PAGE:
Polyethylene (PE) activity was high last week, but there were more inquiries than actual transactions as prices continued to slide, dropping another $0.01-$.02/lb. Spot-trading platform, The Plastics Exchange (TPE) reported that spot resin availability improved last week, pushing prices lower than when the month began. Producers were unable to implement the $0.05/lb price increase that they sought in April, but contract prices remain $0.18/lb higher for the year.
After reaching $0.74/lb earlier in the month, the spot ethylene market has dropped with prompt delivery down to $0.57/lb. Ethylene for May delivery has traded at $0.53/lb, while monomer for June delivery has reportedly changed hands at $0.40/lb. Michael Greenberg, TPE CEO, said that despite the fact that bearish sentiment is spreading through the market, spot PE prices are so far holding up. Generic-prime railcars for immediate shipment are mostly priced in the high $0.60s to low $0.70s/lb, but some sellers are already offering discounts for May shipments, anticipating a price break. While spot supplies have increased, PE availability is not widespread amongst all grades. Linear low-density polyethylene (LLDPE) butene barefoot can be sourced at discounted prices, but prime butene with additives maintains a premium as do hexene and octene grades. There have been growing offers for widespec low-density (LDPE) film grade, but prime clarity is hard to find. High-density polyethylene (HDPE) blowmolding for household/industrial cleaner is sold at a discount, but milk-bottle grade still carries a premium. All PE injection grades, including HDPE, LDPE, and LLDPE, are still somewhat scarce.
The American Chemistry Council (ACC) released its final PE figures for March with some surprising results, according to Greenberg. Even though spot ethylene prices reached $0.70/lb during March, providing an enticing outlet, producers mostly converted their monomer supplies, running their PE reactors at more than 96% of capacity, the highest rate since July 2008.
Although large-volume spot export deals in March did not appear possible based on price, exports still totaled 665 million lb. While this was about 20% below the trailing 12-month average, it was still a very strong figure by historic standards. Domestic PE sales were 2.44 billion lb, 122 million lb above the trailing 12-month average. Producers also built 122 million lb of inventory, bringing their total stockpile to 2.83 billion lb at the end of March. Greenberg said some processors currently claim to be well stocked with resin, allowing them to forgo restocking until the end of May. "With monomer prices easing and domestic buyers backing away," Greenberg said, "the export market might be transitioning back to the forefront."
Polypropylene (PP) has come under severe pressure induced by tumbling propylene monomer prices. Spot PP resin availability has grown and prices plummeted $0.08/lb in the past week alone, erasing the month's previous gains and then some. Greenberg said the current spot PP market is in stark contrast to April PP contracts, which settled up $0.07/lb early in the month on the basis of increases in polymer-grade propylene (PGP) contracts. Since the beginning of 2010, however, PP contracts are still up $0.22/lb.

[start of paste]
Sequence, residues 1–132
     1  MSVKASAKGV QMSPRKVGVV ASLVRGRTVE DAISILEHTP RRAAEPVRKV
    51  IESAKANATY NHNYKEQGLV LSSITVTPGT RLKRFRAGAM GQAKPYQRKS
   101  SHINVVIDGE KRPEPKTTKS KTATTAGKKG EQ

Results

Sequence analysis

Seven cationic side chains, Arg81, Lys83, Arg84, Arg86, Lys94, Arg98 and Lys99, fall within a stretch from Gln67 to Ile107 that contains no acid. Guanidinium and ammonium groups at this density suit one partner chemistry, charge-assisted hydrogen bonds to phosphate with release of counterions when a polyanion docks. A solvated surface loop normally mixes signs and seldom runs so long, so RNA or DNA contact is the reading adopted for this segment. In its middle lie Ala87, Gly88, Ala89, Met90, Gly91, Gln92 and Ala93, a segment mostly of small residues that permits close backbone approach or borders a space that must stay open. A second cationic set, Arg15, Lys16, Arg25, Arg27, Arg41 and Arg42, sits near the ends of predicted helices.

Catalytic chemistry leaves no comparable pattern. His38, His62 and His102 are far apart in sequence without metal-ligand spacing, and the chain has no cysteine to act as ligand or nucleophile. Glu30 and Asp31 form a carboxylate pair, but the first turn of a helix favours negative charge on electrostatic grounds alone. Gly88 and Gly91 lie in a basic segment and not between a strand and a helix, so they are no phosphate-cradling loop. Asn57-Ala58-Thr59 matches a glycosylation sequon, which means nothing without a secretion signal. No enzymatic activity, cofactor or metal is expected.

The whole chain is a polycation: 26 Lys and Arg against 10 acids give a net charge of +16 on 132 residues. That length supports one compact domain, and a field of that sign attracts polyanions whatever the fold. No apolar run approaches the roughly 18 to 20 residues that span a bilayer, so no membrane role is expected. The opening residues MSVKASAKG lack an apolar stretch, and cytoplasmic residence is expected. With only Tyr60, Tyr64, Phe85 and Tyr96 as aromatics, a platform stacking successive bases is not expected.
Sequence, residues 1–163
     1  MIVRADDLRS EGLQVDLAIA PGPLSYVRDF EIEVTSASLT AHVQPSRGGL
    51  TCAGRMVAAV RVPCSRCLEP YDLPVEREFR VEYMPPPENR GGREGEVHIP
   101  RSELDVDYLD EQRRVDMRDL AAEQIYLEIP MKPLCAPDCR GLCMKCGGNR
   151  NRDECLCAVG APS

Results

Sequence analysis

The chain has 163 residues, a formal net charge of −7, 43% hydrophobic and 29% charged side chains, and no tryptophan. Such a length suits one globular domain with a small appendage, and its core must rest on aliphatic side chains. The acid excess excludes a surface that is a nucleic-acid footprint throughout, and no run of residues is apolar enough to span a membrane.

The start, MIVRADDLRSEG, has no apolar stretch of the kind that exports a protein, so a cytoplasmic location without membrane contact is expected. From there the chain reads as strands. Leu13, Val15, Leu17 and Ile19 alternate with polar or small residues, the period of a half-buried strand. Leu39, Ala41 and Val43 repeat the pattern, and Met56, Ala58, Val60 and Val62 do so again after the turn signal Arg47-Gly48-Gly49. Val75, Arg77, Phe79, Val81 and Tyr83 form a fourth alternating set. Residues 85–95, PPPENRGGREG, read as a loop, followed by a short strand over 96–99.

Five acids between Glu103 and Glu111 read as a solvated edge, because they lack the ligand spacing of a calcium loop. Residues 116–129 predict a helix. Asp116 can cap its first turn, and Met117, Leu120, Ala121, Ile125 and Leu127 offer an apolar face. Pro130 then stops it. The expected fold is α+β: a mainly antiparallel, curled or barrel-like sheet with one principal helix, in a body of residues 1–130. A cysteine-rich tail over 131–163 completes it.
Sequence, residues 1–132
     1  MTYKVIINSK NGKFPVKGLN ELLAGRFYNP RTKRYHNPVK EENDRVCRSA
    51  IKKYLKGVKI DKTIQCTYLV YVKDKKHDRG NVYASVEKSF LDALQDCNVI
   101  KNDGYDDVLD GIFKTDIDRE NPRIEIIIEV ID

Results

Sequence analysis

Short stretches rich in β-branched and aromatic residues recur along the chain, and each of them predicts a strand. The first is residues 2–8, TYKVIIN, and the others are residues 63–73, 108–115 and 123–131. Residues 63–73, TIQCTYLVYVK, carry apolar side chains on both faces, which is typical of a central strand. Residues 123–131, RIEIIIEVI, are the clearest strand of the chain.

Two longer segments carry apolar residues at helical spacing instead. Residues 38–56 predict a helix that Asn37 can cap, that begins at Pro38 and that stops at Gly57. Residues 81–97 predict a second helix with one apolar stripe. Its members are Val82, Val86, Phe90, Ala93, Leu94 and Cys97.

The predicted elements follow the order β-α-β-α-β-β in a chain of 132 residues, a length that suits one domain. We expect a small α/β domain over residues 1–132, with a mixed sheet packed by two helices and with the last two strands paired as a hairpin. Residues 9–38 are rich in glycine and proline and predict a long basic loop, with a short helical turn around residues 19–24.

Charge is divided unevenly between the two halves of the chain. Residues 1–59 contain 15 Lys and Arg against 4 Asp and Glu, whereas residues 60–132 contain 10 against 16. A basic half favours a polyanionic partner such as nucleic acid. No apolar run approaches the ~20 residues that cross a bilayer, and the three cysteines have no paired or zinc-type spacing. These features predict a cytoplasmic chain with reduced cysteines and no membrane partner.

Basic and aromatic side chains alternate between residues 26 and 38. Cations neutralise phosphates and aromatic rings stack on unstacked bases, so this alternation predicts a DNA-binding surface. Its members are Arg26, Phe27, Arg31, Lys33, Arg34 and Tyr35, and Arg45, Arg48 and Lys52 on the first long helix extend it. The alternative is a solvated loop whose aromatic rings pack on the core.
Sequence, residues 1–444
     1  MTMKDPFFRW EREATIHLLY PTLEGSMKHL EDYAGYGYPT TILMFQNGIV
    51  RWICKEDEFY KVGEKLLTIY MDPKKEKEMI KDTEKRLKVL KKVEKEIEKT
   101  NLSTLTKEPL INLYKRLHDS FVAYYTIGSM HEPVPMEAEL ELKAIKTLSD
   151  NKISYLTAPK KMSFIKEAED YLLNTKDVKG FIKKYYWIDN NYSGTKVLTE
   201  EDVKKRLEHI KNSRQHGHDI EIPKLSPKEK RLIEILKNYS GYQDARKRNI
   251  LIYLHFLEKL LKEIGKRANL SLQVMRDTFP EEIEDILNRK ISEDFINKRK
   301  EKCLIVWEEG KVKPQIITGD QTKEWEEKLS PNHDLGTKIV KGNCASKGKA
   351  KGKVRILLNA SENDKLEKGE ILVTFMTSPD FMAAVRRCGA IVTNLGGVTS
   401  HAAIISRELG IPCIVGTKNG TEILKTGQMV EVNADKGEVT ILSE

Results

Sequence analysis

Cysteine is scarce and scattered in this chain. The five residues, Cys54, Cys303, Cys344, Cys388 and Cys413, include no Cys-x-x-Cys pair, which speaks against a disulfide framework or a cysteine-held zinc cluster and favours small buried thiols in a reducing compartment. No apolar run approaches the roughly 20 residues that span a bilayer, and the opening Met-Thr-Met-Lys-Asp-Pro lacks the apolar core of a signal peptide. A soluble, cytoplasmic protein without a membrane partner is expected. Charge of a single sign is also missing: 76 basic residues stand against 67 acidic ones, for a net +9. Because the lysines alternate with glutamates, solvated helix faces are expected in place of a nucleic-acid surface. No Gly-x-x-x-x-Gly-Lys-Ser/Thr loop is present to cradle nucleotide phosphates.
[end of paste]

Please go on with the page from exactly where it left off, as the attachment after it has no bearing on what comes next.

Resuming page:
After enduring four consecutive months of price increases, PP buyers are "happy to get out of the way and allow the market to readjust to a more historically average price," according to Greenberg. Many processors are now buying their minimal contracted volumes and trying to cancel orders, anticipating lower prices ahead. This has quickly caused inventories to swell, at least in the short-term, bringing liquidity to the spot market. TPE said that while dozens of widespec railcars remain offered, interested buyers are only picking up small volumes. "Customers that traditionally might be looking for 4-5 railcars are now seeking just one," Greenberg said, "or perhaps a just few truckloads to tide them over until May."
Over the past few weeks, the spot PGP market has lost $0.14/lb to $0.65/lb, with spot PGP more than a dime below the April PGP contract price. Refinery grade propylene (RGP) prices have also plummeted, dropping to $0.39/lb last week, which is at least $0.20/lb off from the most recent peak. Given upstream monomer declines, it is expected that PP contracts will fall sharply in May.
According to preliminary ACC data, PP producers ran their reactors at more than 90% capacity in March, a pace eclipsed only once in the last two-and-a-half years. For the third month in a row, exports fell short of 100 million lb, and producers' inventories were nearly steady, pushing all the extra production out to processors. With their coffers full, processors in general are in the position to work down inventories and wait for lower prices ahead. "Although May PP contracts will most likely move lower," Greenberg said, "there are good opportunities already available; so feel free to send us your orders, resin is on sale!" —[email protected]